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The world owes Syrian women and girls support and protection

 The world owes Syrian women and girls support and protection

 

As the Syria crisis passes the decade mark, the absence of a political solution signals a grim reality: more people, particularly women and girls, continue to suffer in 2021. This year, the crisis enters a juncture replete with unknowns, calling upon the international community to pay heed.

 

The situation for Syrians today is worse than it has been in years. Between years of protracted instability, disruptions in public services, economic crisis, and the COVID-19 pandemic, the lives, dignity, and fundamental freedoms of Syrians are at risk. It is estimated that 13.4 million people remain in humanitarian need inside Syria, while half of the Syrian population — 11.7 million — remains internally displaced or are living as refugees in host communities throughout the region. Women and girls continue to suffer the worst impacts of the crisis. It is estimated that — among those in need — close to 7 million are women and girls of reproductive age and close to half a million are pregnant, requiring access to quality sexual and reproductive health (SRH) services.

 

Meanwhile, gender-based violence continues to pervade the daily lives of women and girls. Harassment, family violence, child and forced marriage, and sexual exploitation remain consistent trends, and the crisis itself stands to only exacerbate them. With COVID-19 taking hold throughout the country and in refugee communities region-wide, these challenges will only continue to worsen as communities struggle to meet their basic needs.

 

Long before COVID-19, UNFPA had consistently endeavored to shed light on the enormous suffering taking place in the context of this crisis. We consistently echoed the voices of women and girls throughout the region who are bearing the brunt. We advocated for the rights of girls like Dalia, an adolescent girl from Idleb, who tells us that “after the war came, we thought we would have to worry about fighter planes and bullets, but we instead worried about harassment, kidnapping, and rape.” Dalia tells us that, for many girls caught in the wake of this crisis, even school is no longer an option, with many families choosing to marry their daughters as a misguided means towards security.

 

Many girls like Dalia were children when the crisis erupted and have spent most of their formative years in conflict, meaning that their worldview and sense of self have been significantly shaped by the events unfolding in the region. Some have grown and now have families of their own to feed and protect, often as single heads of household as husbands and fathers leave for work or lose their lives in the violence. For a mother like Randa, whose marriage was forced upon her at the age of 16 and is now a 21-year-old mother of three, choices in 2021 will be few and far between.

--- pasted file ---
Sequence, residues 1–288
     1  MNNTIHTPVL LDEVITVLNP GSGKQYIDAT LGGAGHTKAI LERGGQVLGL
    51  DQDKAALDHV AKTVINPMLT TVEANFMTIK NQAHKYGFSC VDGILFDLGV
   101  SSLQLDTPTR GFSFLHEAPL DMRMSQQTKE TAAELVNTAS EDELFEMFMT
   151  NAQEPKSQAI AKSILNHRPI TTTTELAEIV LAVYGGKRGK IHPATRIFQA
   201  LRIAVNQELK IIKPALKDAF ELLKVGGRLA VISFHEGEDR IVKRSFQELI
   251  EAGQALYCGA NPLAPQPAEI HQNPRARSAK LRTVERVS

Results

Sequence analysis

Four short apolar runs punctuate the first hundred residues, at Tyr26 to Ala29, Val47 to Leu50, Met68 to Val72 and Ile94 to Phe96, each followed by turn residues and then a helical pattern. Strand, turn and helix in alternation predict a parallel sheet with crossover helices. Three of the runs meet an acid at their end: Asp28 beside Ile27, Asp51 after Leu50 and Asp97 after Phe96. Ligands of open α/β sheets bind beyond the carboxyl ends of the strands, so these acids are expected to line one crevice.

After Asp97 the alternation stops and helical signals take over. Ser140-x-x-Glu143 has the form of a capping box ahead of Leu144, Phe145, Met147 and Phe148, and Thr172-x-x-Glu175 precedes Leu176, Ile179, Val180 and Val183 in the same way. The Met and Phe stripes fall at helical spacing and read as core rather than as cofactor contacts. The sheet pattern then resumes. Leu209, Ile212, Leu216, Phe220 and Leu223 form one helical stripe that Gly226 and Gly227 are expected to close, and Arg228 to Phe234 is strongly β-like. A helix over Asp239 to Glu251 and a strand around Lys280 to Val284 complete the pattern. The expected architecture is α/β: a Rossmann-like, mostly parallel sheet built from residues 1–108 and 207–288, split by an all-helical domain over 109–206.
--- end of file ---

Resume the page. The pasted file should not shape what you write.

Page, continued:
In north-western Syria, the situation continues to be severe, with ongoing hostilities causing mass displacements and disruptions in community networks and services. Women and Girl Safe Spaces supported by UNFPA remain a lifeline for women and girls in general and for survivors of gender-based violence.

 

Despite these mounting challenges, UNFPA believes that every woman and girl affected by this crisis has the right to access quality sexual and reproductive health services and to be protected from gender-based violence.

 

UNFPA has appealed for a total of $132.1 million to fund its regional response to the crisis in 2021 and will continue to adapt and grow its programmes over the course of the year to ensure that no one is left behind. Even under the most stringent COVID-19 restrictions in 2020, UNFPA delivered aid to more than 3 million people impacted by this crisis, including 2 million people who were reached with sexual and reproductive health services and a million people with gender-based protection and response. UNFPA will also continue to focus on making its services more accessible to particularly at-risk population groups, including adolescent girls, people with disabilities, and other reproductive rights vulnerable groups regardless their orientation.

 

A decade of crisis is a grim milestone in and of itself. In a region that is beset by protracted humanitarian crises, and in the age of COVID-19, inaction is not an option and will only lead to more suffering, particularly as mass displacements, and disintegration in the fabric of society push more families into despair. For women and girls and the future resilience of Syrian communities throughout the region, the consequences will be dire. It is up to the international community to take a firm stand in 2021 and deliver a resounding message of support to Syrians everywhere.